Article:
After a traumatic accident, a former nurse uses art to create a new beginning
PERTH, ONT. -- Walking along a path she never imagined, Katherine Muir Miller discovered a new and happy version of herself at the end of it.
“It was really a difficult time of my life to get through, but I gave it a go and every single star lined up,” she said.
The stars have aligned for much of Muir Miller’s life from the moment she got married and became a mom. She had five children in six and a half years.
“We dove right in, diapered through the nineties, and raised five beautiful children.”
She nurtured an active life too, with fitness, competition, sport and coaching at its core.
“I was very active and worked out five days a week,” she said.
When the kids were older, Muir Miller went back to work as an emergency room nurse at the Queensway Carleton Hospital.
“So, I worked there for eight to nine years before I had an accident that took my nursing career away.”
It happened five years ago. Muir Miller had a harrowing fall from a height.
“And basically, did a face plant off a deck and broke the bones in my face.”
The injury would impact her balance, vision and memory.
“I ended up with some vestibular damage, visual damage, and neurocognitive damage. I had some restorative plastic surgery two years after accident, just basically scar revision. People who really know me might notice still, but if you’ve never met me before, you think I look fine and great.
But the accident would cost Muir Miller her career, and much of the active life she had always known.
“I thought I would be returning to work, but every reassessment proved otherwise. I had been quite symptomatic for three to four years and learned about a year ago that my nursing career was over, based on some of the damage cognitively,” she said.
“And it wasn’t just losing my nursing career, it was all of my sports—running, skating, skiing, never mind, walking. I felt like I had a lot of losses. I felt like I was sad a lot; I felt like I couldn’t take one more thing happening to me.”
Months after her trauma, Muir Miller pulled out a canvas and decided to paint—something she had only dabbled in years before.
“I painted for six hours straight without even realizing six hours had gone by. I stepped back, and I realized I hadn’t even had any symptoms. No dizziness, no headaches. And from then on, I never even looked back,” said Muir Miller.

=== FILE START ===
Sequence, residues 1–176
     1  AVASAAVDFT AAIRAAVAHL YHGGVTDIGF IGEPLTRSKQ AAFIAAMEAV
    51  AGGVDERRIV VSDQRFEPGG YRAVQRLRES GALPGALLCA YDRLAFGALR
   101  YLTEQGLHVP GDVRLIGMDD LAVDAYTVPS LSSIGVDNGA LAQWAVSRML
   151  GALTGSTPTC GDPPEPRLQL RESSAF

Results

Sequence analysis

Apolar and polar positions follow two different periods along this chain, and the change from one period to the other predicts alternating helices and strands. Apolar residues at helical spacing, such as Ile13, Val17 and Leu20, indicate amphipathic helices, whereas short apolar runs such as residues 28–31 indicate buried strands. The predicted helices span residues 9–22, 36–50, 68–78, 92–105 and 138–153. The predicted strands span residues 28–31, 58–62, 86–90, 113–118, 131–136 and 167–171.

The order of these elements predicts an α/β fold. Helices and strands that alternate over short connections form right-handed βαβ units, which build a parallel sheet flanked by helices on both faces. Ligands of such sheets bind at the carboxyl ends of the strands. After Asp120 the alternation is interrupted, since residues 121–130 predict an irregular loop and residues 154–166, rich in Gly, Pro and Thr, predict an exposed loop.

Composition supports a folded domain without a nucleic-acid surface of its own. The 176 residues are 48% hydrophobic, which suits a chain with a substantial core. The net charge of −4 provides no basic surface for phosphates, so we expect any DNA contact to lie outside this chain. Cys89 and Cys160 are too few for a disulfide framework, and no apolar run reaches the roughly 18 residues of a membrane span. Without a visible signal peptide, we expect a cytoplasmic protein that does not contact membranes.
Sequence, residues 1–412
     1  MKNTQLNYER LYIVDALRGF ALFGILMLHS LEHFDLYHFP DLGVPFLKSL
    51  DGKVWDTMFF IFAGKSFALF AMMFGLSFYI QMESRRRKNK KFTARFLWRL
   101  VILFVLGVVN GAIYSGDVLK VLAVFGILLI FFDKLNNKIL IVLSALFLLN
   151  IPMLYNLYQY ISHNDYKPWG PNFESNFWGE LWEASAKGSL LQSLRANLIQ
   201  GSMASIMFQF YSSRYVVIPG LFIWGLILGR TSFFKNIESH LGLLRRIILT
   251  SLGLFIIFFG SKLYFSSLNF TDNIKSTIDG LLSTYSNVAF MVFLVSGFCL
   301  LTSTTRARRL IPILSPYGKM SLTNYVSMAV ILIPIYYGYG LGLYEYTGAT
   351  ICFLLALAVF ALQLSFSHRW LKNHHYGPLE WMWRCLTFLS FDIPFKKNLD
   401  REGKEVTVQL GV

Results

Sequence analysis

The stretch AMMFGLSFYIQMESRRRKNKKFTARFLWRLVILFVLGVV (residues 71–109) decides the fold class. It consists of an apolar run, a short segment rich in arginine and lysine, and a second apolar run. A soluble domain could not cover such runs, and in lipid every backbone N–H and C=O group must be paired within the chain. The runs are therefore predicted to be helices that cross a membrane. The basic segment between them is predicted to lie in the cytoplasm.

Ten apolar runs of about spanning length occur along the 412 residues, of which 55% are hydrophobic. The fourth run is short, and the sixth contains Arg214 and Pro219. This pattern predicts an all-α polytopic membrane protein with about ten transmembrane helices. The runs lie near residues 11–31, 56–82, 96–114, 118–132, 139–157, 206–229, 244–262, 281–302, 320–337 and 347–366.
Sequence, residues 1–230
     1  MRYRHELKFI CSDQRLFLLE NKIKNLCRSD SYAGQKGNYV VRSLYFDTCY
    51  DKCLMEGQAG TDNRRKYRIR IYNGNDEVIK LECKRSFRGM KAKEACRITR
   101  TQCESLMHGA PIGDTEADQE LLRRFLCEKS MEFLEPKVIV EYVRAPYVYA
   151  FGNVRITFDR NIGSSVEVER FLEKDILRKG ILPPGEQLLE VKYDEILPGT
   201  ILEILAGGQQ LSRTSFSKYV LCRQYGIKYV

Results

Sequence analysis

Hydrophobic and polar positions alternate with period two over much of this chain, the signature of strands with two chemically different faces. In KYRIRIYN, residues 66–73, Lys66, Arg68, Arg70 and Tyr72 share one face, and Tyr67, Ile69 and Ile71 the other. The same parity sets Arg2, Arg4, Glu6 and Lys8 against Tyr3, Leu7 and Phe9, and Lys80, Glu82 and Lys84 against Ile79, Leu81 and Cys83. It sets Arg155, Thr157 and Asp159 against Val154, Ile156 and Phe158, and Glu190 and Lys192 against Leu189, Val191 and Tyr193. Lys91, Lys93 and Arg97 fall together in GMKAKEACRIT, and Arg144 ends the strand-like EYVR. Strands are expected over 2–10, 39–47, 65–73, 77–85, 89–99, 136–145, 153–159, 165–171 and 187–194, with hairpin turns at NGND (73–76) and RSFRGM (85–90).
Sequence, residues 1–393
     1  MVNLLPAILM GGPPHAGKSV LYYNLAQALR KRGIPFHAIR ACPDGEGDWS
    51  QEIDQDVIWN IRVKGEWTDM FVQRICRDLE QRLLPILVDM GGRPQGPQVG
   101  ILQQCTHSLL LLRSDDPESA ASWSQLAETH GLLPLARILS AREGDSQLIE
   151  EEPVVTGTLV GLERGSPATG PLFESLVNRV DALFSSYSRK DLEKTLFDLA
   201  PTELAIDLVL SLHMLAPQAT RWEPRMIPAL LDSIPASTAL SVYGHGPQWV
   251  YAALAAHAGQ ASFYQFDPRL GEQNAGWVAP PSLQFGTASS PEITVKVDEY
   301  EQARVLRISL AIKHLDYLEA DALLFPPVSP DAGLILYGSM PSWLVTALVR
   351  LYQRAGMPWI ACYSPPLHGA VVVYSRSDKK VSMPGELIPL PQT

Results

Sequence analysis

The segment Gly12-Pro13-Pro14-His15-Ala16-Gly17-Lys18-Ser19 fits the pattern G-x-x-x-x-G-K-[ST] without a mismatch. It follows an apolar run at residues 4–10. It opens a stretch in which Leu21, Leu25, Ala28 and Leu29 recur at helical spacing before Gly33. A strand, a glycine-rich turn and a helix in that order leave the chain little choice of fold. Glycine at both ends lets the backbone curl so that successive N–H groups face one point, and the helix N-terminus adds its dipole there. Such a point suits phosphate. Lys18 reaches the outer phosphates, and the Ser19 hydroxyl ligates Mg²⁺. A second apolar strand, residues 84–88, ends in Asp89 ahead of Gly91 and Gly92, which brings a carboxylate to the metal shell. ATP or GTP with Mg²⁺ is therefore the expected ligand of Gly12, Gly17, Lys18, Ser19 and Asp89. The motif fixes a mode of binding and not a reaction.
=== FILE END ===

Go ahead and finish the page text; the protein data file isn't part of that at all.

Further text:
She learned from gifted painters by taking lessons and studying at art retreats. She began selling art in shows, and on a day trip to Perth with a friend, noticed a “for lease” sign in a store window.
“And my friend Barb says, ‘you should call and open a gallery’. And I thought who opens a gallery during COVID?”
Clearly, someone who’s meant to. The Katherine Muir Miller Gallery is now open on Gore Street in Perth.
Friends and supporters aren’t surprised by Muir Miller’s tenacity.
“She’s been fearless to take on things that she hasn’t been sure of,” said friend, Darlene Kelly. “There’s nothing she can’t achieve, so this is just the beginning.”
Muir Miller is excited by her life’s new direction.
“What’s the worst thing that can happen? You go bankrupt and close. What’s the best thing that happens? Well, you have people that come in and your new path is beginning.”
At the Katherine Muir Miller Gallery, ‘the path’ leads through a series of vibrant and colourful Canadian landscapes.
“One of the constant things people say is ‘wow, the colour’. And it just makes people smile.”
Every scene, on every canvas, is inspired by someone’s story, or serves a reminder of one.
“If I walked you through all these paintings, you would see they all have a story. If someone sees a piece and it connects to a memory, that’s the greatest pleasure,” the artist said.
Like the iconic pine trees in her paintings, Muir Miller is rooted in promise; standing tall and growing in ways she never imagined--enchanted by her new landscape.
“I only started calling myself and artist last year. I was still a nurse who was doing some art on the side. Now, I’m Katherine Muir Miller, an artist, and I used to be a nurse. Everything just feels right.”
Katherine Muir Miller Gallery
22 Gore St. East